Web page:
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Slaughterhouses are breeding grounds for disease, and during the COVID-19 pandemic, communities around slaughterhouses and factory farms are being decimated by the virus. But instead of closing down, slowing lines or providing adequate personal protective equipment, Tyson Foods managers are taking bets on how many workers will test positive for the deadly virus.
In a lawsuit filed in November, the son of a Tyson employee who died from COVID-19 alleges that managers of the company’s Waterloo facility had a winner-take-all betting pool on how many workers would test positive. The suit also alleges that supervisors were explicitly told to show up for work even if they were exhibiting symptoms of the virus, and to encourage workers to do the same.
The managers in question were reportedly suspended, but clearly that’s not enough. Tyson Foods has a systemic problem with cruelty.
Workers have enough to contend with during this pandemic without managers and supervisors disturbingly encouraging the spread of COVID-19. On recklessly fast slaughter lines, social distancing is virtually impossible. Workers stand shoulder to shoulder in the “live hang” room, racing to shackle 24 birds per minute. There’s no way to social distance and keep the line moving at that speed.
But Tyson Foods has a tradition of torture. Our undercover investigation of a factory farm supplying Tyson revealed gut-wrenching cruelties including the blatant abuse of birds and the barbaric results of “rapid growth:” selectively breeding chickens to make them grow bigger, faster — all in the name of Tyson’s bottom line.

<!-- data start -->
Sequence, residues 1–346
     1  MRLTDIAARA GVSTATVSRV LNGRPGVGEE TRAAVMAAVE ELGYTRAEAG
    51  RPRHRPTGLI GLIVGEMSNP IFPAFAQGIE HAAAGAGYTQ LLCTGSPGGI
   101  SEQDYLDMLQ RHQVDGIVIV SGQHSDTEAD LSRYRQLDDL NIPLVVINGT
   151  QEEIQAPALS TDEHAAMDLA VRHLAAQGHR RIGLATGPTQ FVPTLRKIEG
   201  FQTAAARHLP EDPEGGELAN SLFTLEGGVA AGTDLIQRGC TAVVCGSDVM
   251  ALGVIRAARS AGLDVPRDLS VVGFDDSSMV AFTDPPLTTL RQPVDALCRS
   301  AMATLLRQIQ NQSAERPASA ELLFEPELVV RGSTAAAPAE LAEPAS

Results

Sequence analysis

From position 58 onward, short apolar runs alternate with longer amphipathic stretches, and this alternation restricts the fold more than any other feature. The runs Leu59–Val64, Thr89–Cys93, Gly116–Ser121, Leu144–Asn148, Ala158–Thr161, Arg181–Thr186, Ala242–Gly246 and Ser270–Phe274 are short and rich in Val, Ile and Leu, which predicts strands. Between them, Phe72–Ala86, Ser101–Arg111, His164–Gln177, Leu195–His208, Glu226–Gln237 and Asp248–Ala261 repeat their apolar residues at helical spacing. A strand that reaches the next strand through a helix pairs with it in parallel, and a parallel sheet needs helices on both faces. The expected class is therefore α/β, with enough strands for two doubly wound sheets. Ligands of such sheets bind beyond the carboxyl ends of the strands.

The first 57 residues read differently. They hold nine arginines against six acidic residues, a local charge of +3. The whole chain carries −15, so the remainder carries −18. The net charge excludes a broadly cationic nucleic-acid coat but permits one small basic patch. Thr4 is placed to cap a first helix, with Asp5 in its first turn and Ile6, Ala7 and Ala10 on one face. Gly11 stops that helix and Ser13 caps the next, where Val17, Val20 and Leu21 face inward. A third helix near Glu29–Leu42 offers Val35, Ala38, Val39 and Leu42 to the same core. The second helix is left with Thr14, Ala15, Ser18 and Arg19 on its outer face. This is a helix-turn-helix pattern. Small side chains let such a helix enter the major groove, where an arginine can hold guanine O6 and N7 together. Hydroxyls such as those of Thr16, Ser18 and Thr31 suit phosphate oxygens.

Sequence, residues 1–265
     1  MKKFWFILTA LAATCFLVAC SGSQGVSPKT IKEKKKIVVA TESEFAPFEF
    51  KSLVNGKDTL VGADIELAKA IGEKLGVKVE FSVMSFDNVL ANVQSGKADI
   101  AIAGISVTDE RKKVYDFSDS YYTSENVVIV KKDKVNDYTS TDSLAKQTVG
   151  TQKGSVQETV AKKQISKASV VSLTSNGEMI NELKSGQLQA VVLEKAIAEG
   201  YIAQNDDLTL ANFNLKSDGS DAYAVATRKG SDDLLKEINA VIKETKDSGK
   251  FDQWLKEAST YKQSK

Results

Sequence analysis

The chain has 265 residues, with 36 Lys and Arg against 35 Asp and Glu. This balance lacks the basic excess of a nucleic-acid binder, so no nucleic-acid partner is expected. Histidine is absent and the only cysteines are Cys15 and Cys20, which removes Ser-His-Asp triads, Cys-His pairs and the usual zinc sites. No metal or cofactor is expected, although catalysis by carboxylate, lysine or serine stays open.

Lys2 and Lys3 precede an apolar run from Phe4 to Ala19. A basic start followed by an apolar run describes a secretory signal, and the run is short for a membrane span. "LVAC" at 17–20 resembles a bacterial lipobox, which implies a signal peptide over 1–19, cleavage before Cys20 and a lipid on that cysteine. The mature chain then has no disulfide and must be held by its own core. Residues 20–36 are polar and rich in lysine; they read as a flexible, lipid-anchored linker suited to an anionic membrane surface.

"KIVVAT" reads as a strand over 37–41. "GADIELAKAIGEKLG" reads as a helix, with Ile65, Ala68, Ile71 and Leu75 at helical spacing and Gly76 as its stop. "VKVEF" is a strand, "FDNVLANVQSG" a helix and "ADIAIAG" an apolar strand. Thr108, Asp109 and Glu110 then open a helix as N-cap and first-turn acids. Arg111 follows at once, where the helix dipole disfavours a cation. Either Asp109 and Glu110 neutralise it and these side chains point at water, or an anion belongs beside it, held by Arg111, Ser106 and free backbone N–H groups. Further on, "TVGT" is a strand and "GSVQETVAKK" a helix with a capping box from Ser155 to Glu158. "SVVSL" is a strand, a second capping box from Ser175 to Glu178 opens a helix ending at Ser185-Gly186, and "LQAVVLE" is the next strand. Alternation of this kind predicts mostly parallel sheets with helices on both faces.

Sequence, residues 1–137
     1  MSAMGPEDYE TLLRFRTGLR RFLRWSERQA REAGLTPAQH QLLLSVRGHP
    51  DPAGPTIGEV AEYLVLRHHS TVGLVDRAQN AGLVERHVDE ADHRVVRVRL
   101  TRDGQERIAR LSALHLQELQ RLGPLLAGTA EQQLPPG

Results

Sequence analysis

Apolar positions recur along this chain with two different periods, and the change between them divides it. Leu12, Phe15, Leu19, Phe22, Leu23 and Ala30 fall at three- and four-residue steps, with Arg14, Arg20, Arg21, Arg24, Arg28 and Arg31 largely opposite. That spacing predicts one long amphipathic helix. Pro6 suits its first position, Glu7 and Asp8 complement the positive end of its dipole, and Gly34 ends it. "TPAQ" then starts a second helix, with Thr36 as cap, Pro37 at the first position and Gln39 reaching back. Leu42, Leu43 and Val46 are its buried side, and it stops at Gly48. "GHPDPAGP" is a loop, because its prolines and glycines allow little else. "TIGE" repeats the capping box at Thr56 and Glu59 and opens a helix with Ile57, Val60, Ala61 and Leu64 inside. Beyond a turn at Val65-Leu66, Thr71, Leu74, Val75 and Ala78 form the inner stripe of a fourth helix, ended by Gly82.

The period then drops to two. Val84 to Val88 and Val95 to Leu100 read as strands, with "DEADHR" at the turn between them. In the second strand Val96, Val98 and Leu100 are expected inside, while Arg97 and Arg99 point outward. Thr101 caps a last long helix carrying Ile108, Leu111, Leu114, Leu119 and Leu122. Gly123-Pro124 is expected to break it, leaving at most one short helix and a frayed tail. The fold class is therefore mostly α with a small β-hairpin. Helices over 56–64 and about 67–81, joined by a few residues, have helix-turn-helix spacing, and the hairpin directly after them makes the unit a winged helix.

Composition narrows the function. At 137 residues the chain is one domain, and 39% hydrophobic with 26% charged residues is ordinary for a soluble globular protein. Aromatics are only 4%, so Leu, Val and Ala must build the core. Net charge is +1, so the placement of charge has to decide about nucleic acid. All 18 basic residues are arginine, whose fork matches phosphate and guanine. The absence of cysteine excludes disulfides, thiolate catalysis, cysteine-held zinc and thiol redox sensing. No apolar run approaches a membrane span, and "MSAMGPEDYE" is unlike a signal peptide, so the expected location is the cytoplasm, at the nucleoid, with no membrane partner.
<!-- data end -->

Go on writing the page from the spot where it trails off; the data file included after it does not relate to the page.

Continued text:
Our 2016 investigation at another facility showed more of the same: workers punching, kicking and throwing live birds, birds crushed by forklifts, and more.
If Tyson has no regard for innocent animals, can we really expect the company to care for its workers, forced to perform traumatizing killing day in and day out at the expense of their physical and emotional well-being?
Tyson’s bottom line relies on harming animals and workers in the name of profit. Here’s ours: We cannot control this pandemic or protect human and non-human animals while slaughter lines keep running. Protecting your neighbor doesn’t just mean wearing a mask or staying indoors, it means divesting from the cruel industry that has contributed to this global crisis from the beginning.
Try vegan today by visiting TryVeg.com for helpful tips and recipes. You can also take action by helping us celebrate 25 years of fighting animal agriculture with a gift at animaloutlook.org/donate. All donations made now through the end of the year will be doubled thanks to five generous donors who established a matching fund as part of our 25th anniversary celebration.
It is all so disturbing…no more buying from Tyson.
The way forward for animals rights and to stop these monsterous places is to go vegan. So much vegan choice now in the supermarkets, no need to eat meat that is killing everyone.